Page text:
In our ongoing project to showcase the involvement of North Carolinians in World War I, we have been uploading lots of new items to our North Carolina Digital Collections. We have just released additional images and transcripts of correspondence from private collections donated to the State Archives and held in our Military Collection. This batch of letters includes correspondence from American soldiers, as well as American volunteers in Europe. The finding aid for the Military Collection, World War I Papers, Private Collections can be found here. Below are brief descriptions of the newly-featured soldiers and volunteers.
Within a week of the outbreak of the war in Europe in August 1914, Sgt. Kiffin Yates Rockwell and his brother, Paul, both of Asheville, (Buncombe County) North Carolina, departed for Europe to volunteer for service with the French army. They enlisted in the French Foreign Legion, but, within a year, both had been severely wounded. When Kiffin had recovered from the bullet wound to his leg, he became a charter member of the newly-formed Lafayette Escadrille, a volunteer organization of American fighter pilots in France. In May 1916, he became the first member of the unit to shoot down an enemy plane. He downed at least three others before being killed in aerial combat on September 23, 1916. In 1917 the Buncombe County Committee of Colonial Dames donated an ambulance in Kiffin’s honor to the American Field Service in Europe.
Elizabeth Earl Jones and May Frances Jones were sisters from Asheville, who volunteered in Europe during World War I. Elizabeth had been in England since 1916, before the United States joined the war, and stayed on throughout the conflict. She volunteered with the “American Ladies’ Red Cross Aid Committee” visiting wounded soldiers in hospitals and worked at the Y.M.C.A. “Eagle Hut” in London. May traveled to France in November 1918 and was a canteen worker and hut secretary for the Y.M.C.A. group embedded with the 318th Machine Gun Battalion, 81st Division, U.S. Army.
Pvt. John Burt Exum, Jr., of Fremont (Wayne County), N.C., served as a wagoner in Co. D, 306th Ammunition Train, 81st Division of the U.S. Army during World War I. For training, he was stationed at Camp Jackson, S.C., and was deployed to France in August 1918.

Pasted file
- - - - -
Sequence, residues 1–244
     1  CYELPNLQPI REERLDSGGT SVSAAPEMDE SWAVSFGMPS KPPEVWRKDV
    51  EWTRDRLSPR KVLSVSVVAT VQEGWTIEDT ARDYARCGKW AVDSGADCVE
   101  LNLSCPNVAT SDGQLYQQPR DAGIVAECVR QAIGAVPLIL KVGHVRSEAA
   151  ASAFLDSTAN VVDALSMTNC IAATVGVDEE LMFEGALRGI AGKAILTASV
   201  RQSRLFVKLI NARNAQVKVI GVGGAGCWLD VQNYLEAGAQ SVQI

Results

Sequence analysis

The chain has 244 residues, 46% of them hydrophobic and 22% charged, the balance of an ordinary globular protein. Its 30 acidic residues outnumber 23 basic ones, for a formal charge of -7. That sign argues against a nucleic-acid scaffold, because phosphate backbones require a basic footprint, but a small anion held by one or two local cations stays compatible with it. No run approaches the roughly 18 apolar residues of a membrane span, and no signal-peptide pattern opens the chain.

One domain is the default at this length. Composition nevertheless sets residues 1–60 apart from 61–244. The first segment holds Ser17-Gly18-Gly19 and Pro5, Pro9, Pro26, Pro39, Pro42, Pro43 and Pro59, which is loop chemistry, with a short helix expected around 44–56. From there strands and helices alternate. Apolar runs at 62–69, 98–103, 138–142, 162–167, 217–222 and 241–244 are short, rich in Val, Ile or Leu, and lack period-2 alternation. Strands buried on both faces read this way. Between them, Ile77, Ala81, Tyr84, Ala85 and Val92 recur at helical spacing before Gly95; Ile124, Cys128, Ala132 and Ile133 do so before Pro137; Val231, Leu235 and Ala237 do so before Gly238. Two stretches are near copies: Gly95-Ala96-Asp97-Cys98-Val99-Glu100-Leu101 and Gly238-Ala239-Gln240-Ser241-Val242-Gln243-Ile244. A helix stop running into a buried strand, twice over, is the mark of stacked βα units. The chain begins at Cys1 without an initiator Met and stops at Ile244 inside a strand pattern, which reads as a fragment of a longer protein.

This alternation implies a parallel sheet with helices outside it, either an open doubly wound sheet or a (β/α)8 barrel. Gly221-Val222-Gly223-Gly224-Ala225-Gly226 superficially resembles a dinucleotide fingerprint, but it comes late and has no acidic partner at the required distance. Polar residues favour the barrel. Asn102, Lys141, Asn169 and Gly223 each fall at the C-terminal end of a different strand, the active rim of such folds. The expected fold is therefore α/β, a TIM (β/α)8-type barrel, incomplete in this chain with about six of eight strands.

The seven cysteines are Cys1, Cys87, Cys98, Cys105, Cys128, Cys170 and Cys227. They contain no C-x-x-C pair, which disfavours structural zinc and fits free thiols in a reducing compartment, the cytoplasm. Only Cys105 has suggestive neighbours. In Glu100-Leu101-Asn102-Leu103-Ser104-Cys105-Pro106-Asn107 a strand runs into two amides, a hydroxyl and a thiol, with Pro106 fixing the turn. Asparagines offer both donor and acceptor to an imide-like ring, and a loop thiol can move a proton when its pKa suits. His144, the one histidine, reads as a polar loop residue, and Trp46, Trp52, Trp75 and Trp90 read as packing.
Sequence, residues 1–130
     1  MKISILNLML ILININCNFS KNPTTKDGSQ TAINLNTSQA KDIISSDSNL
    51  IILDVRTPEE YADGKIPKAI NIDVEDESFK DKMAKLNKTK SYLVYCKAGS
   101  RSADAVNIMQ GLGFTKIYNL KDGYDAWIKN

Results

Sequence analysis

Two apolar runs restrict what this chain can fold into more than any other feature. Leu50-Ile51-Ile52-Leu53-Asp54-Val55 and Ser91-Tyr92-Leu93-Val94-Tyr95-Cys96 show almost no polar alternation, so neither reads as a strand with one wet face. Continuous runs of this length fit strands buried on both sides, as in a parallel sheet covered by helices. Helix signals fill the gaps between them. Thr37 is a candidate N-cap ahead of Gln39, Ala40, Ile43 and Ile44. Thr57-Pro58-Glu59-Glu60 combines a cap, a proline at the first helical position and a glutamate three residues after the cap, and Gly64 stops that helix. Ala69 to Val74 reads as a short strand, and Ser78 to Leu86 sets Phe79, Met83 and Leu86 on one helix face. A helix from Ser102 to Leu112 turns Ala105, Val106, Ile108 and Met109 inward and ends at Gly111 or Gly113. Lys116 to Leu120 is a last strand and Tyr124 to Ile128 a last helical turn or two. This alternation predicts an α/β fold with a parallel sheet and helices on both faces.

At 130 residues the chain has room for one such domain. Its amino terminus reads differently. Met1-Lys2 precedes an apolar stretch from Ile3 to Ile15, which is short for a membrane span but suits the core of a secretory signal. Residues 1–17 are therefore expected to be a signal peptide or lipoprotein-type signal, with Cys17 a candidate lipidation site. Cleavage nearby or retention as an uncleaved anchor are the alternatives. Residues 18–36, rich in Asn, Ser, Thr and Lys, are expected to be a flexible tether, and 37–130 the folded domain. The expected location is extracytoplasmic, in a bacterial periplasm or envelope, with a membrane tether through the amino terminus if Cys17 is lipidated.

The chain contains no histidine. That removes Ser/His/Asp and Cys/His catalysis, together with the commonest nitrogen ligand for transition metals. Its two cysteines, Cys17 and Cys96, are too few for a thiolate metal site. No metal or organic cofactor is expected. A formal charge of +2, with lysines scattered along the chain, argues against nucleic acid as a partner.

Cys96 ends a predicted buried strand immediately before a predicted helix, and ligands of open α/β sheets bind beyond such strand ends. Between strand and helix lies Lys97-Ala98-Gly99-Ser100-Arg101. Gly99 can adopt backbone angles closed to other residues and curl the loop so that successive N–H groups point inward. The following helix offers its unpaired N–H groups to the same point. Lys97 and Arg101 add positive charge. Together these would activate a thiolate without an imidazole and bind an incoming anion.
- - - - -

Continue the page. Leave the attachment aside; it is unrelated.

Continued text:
Pvt. Albert Leslie Lewis of Enfield (Halifax County), N.C., served in Co. C, 322nd Infantry, 81st Division. He was deployed to Europe in August 1918, but was injured in battle in France in September or October. The injury significantly affected his hearing and he spent several weeks recuperating in a hospital.
Lt. Andrew H. Green of Raleigh (Wake County), N.C., served in Co. F, 120th Infantry, 30th Division of the Army National Guard during World War I. He was deployed to Europe in the spring of 1918, but was wounded in battle in Belgium in July. He spent many months recuperating in a hospital in England.
Cpl. Roy Vernon Martin of Gaston County, N.C., served in Co. A, 115th Machine Gun Battalion, 30th Division. He was deployed to Europe in the spring of 1918 and was stationed first in Belgium and then in France.
Army of Occupation in Germany
Pvt. Charles L. Dunn of Kinston (Lenoir County), N.C., served in Co. 77, 6th Machine Gun Battalion, 4th Marine Brigade, 2nd Division, during World War I. He was deployed to Europe in October 1917 where he was stationed first in France and then as part of the Army of Occupation in Germany. He was honorably discharged in July 1919.
Pvt. Harvey Lee Teague of Wallburg (Davidson County), N.C., served in Co. C, 56th Pioneer Infantry of the U.S. Army. He was deployed to Europe in August 1918 and was stationed first in France and then as part of the Army of Occupation. He returned to the U.S. in June 1919.
Cpl. Thomas Wayne Williams of Maxton (Robeson County) served in the Ordnance Department of the U.S. Army. His unit, the 303rd Advance Ordnance Depot, was stationed with the 3rd Division of the U.S. Army as part of the Army of Occupation in Germany.
On the Homefront
Pvt. Lonnie T. Graham of Jackson Springs (Moore County), N.C., attended the U.S. Army Training Detachment at Clemson College during the summer of 1918, and Officers’ Training School at Camp Gordon, Georgia, September-November 1918. He was never assigned to a unit or deployed overseas during World War I.
Pvt. Pierce Rose Pope of Godwin (Cumberland County), N.C., served in Battery F, 9th Field Artillery, and Battery D, 58th Field Artillery, during World War I. He was stationed at Camp Jackson, S.C.